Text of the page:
The Process Of Portraiture
by William Lulow
I write quite a bit about lighting and how to get the most from your lighting setups when it comes to doing portraits. But, there is really no substitute for the ability to elicit that certain something special from your subjects. It can be done in so many different ways and that’s why there are so many styles of portraiture in the marketplace. I’ve said before that many photographers have photographed the same people yet every portrait looks different. That’s because each photographer has his or her own unique style. The photographer really needs to concentrate on developing an approach so that his or her portraits begin to take on that certain style! Some people like white backgrounds. Some like to do all their portraits on location. Some prefer photojournalistic portraits, whereas others just love the simplicity of the studio. It really doesn’t matter as long as the images show that special connection that the photographer has with a subject.
(Interestingly enough, the famous portrait photographer Annie Leibovitz says that you really don’t need to show a subject smiling or in a particularly good pose. That’s all well and good if you’ve already achieved a bit of notoriety as a portraitist. But, I’m talking about the more down-to-earth photographic portrait photographers who are working for clients who will be exhibiting their portraits on their own walls, perhaps. Or using your images on their websites or brochures! As I have often said, if you’re shooting for a magazine art director, she’s the one you need to please. If you’re shooting directly for a paying customer, he’s the judge of your efforts!)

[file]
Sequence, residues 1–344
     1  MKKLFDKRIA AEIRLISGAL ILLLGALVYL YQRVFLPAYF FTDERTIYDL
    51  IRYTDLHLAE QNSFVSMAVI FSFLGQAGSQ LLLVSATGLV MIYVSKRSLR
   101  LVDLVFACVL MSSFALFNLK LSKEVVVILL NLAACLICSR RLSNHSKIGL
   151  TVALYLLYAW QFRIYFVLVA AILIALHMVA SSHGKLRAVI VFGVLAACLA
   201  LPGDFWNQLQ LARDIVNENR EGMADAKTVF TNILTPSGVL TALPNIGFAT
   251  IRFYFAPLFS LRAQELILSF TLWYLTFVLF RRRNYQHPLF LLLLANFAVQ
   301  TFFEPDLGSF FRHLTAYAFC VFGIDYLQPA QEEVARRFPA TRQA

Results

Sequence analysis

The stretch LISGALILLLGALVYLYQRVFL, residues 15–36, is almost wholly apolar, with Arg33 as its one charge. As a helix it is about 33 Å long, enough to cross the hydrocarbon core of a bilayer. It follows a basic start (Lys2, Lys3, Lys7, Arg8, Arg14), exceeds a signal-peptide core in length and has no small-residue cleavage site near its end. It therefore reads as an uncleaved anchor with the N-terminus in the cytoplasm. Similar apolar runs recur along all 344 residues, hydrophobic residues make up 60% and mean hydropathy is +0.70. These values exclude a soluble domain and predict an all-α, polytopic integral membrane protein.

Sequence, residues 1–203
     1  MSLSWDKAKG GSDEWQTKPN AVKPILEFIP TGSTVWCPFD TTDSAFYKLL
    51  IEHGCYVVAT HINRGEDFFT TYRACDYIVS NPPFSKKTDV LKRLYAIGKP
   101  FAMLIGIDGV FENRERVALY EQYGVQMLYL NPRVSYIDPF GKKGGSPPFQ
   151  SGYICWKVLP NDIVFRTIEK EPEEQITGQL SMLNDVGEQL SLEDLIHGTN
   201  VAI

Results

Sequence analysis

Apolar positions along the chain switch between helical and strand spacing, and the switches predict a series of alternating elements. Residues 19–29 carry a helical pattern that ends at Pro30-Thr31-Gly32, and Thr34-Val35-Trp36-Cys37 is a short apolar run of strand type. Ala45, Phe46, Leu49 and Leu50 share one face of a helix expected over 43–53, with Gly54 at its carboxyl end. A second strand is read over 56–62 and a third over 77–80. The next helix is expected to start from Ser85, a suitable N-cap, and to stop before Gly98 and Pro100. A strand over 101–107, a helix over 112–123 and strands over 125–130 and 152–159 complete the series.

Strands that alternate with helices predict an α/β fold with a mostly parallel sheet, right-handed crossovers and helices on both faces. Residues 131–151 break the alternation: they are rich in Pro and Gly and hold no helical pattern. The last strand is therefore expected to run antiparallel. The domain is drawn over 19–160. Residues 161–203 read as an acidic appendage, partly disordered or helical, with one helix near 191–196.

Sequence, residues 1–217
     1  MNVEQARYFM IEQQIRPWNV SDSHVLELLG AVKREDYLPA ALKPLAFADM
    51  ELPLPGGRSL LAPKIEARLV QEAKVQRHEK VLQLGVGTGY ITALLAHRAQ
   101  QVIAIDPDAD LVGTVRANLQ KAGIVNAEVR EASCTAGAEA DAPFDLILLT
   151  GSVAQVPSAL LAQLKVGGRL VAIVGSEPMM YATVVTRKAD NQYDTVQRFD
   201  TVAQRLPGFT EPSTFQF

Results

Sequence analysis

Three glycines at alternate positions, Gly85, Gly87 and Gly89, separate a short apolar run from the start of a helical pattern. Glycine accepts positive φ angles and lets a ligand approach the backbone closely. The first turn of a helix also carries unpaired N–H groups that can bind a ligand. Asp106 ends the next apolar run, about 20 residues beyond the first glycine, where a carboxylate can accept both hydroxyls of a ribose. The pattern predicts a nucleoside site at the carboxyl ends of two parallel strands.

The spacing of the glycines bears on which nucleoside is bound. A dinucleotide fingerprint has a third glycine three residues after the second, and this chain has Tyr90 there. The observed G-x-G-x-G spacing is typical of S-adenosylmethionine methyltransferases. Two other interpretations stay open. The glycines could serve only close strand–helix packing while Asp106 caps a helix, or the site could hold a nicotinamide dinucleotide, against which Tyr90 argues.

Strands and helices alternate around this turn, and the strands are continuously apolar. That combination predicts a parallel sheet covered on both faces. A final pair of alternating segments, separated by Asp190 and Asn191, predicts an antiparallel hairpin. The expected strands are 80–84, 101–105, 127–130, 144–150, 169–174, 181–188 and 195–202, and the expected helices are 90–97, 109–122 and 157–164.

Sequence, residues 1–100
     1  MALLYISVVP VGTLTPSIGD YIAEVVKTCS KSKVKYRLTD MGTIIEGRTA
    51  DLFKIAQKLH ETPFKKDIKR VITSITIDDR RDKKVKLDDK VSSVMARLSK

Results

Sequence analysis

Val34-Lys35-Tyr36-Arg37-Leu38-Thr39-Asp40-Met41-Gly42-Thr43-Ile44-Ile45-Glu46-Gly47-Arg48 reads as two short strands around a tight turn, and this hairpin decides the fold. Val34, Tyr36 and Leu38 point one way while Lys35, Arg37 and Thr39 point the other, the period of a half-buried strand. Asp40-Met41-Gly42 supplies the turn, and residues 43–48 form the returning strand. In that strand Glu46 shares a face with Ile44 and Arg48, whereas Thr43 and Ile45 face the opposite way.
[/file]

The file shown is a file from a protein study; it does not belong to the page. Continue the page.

You can often see this in a person’s eyes. There is definitely something special about the eyes. You can register a smile, but if there’s no emotion in the eyes, it won’t look real. I often can tell just when I’ve connected with my subject. And, I can remember having this feeling when I was shooting film. The digital process let’s you check immediately whether you’ve connected or not. But, that feeling still exists even if you can’t check it right away. When I know that I’ve captured a communicative expression, I often continue shooting anyway. I don’t stop there. Sometimes I fire off several frames at a time to see if I can capture the expression, the gleam in the eyes, more than once. When I was shooting with my 4×5 or 8×10 view cameras, I could only expose one frame at a time. Even then, I knew when I had the expression I was after:
This portrait was done with my old view camera. I knew I had the image I wanted but I kept exposing sheet after sheet anyway. I think I probably shot about 20-30 frames of Mr. Levin.
For my portrait of Diana Vreeland it was the same thing. I think I had barely enough time to expose a dozen sheets of film. This was one!
Photographers often don’t like being photographed themselves. Here is a “grab” shot of famed photographer Richard Avedon I made at a book-signing event. His expression is almost haunting.
And, a recent portrait of my granddaughter, Haylie. Look at how she’s looking at me! She has that “glow” in her eyes, even though she doesn’t know what it is, she still feels it and the viewer can tell! This is what I’m always looking for in my portraits. It’s the connection between me, as the photographer, and my subjects almost independent from the camera being there. I’ve often thought that it would be great to just be able to blink your eyes and record that special moment. Digital imagery is really the next best thing. Although, most times, as I said, I can just feel it when I’ve captured the connection!